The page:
Kurdish Peshmerga are being trained in Germany, honing their weapons and tactical skills. The battle against Islamic State militants in Iraq is a matter of life and death. Wolfgang Dick reports from Hammelburg.
Mines have become the greatest challenge in the bloody conflict against "Islamic State" (IS) militants. Improvised explosive devices (IEDs), typically used as roadside bombs, are radio controlled bombs with enough explosive power to turn even tanks into rubble.
Meanwhile, in the grasslands of the Bundeswehr's large army training center in the Bavarian town of Hammelburg, ten Peshmerga fighters and their German instructors carefully traverse mud tracks. The Peshmerga group is supposed to learn how to "see" things. Their objective is to find hidden explosives, which are, of course, inert for military training. Radio bomb antennas are often hidden in blades of grass or bushes. Stones piled up in an inconspicuous manner mark targets for passing vehicles to be blown up. Everything seems to be inconspicuous here.
It is the last of four training sessions in two weeks. First, there was target practice with the anti-tank guided missile known as Milan, then the warriors learned about medical services in battle and then about maintenance of vehicles and small arms. After that, it was time to identify and eliminate weapons. Suddenly, the instructor stopped the camouflage-clad Peshmerga and pointed out a deceptive track. The grass in one spot of the meadow was darker than the surroundings because of the increased humidity between the grass and the container for an explosive charge of some 20 kilos of TNT. The Peshmerga eagerly pick up valuable tips like that. The Kurdish translator has a lot of work to do.
Help for 1,000 fighters
The Peshmerga are trained by experienced German soldiers who have worked in military missions abroad. They do not teach absolute beginners: they only work with soldiers chosen by Peshmerga leaders and sent to Germany. Main criteria: the Peshmerga must be able to pass on their new skills so others can easily understand.
"It is a snowball system of self-help so that we can achieve the maximum effect in Iraqi Kurdistan with the few soldiers we have here," says Colonel Hans Sahm from the army training center in Hammelburg. A total of 30 Peshmerga make up the group that has just completed training this weekend. The first team to be trained in Germany in October 2014 was roughly the same size.
Even late in the evening when the exercises have long been completed, Colonel Sahm meets the Peshmerga in their accommodations, where they are still studying their notes. For these people who have gone all the way to Germany, this is not just some theory; this is about their lives and their homeland.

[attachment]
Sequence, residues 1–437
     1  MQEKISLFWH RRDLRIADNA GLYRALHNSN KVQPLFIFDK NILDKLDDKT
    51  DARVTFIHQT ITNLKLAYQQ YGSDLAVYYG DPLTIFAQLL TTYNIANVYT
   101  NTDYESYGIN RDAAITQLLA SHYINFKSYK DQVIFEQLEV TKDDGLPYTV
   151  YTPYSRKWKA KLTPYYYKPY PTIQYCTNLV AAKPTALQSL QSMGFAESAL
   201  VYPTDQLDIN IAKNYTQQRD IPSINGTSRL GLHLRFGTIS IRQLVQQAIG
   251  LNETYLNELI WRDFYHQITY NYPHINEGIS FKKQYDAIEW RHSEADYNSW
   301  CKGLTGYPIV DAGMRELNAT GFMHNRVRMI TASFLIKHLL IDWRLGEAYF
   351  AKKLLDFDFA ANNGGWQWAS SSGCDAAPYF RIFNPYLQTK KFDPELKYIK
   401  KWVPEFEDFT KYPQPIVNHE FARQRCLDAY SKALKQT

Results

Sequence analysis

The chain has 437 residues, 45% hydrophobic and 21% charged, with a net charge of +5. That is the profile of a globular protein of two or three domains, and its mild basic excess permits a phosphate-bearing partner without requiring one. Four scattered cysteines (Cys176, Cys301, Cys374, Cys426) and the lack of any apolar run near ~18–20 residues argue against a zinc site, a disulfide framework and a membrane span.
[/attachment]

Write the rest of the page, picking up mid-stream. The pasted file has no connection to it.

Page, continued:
"They come from a war and are going back there," says Colonel Sahm. He sees the Peshmeraga as disciplined, focused and pragmatic - they are neither wrongly motived angels of vengeance nor mindless daredevils.
The Peshmerga actually help the Bundeswehr contain training costs for anti-tank weapons because aiming missiles with the Milan type of equipment takes getting used to. The weapon's first gun sight must be held over the target. A second gun sight has to track a moving target in order to properly control the missile. This requires a great deal of practice. However, one single warhead costs around 8,000 euros. So the fighters first practice with training equipment without real missiles and then ultimately spend 36 shots of valuable ammunition.
Guard the weapons with your life
Colonel Sahm gives the Peshmerga a great deal of credit for what he calls a "strong sense of community and a special spirit of solidarity among them." Even in the context of their history and culture, Sahm believes the training has been successful.
Sahm is open with the press but otherwise he is happy to remain discreetly in the background. He is not a man of many words. For security reasons, Sahm is cautious about providing details on the training. The same goes for the head of the Peshmerga. He does not tell anyone his name and only introduces himself with his rank of captain. The Peshmarga have a strong fear of persecution or acts of revenge on their families. Even in Germany, the trainees do not really feel safe so they often change exercise grounds and accommodation.
Rising German concern that weapons delivered to the Peshmerga could fall into the wrong hands are vigorously opposed by a Peshmerga colonel. He says, "We will do all we can and even sacrifice our lives because it's the only way we are able to fight against IS."
They are very grateful to Germany for this form of assistance. The captain says the training was characterized by a great deal of respect and mutual trust. When asked what part of the training was particularly helpful, he declined to answer. His statement said it all: "We have learned a lot. "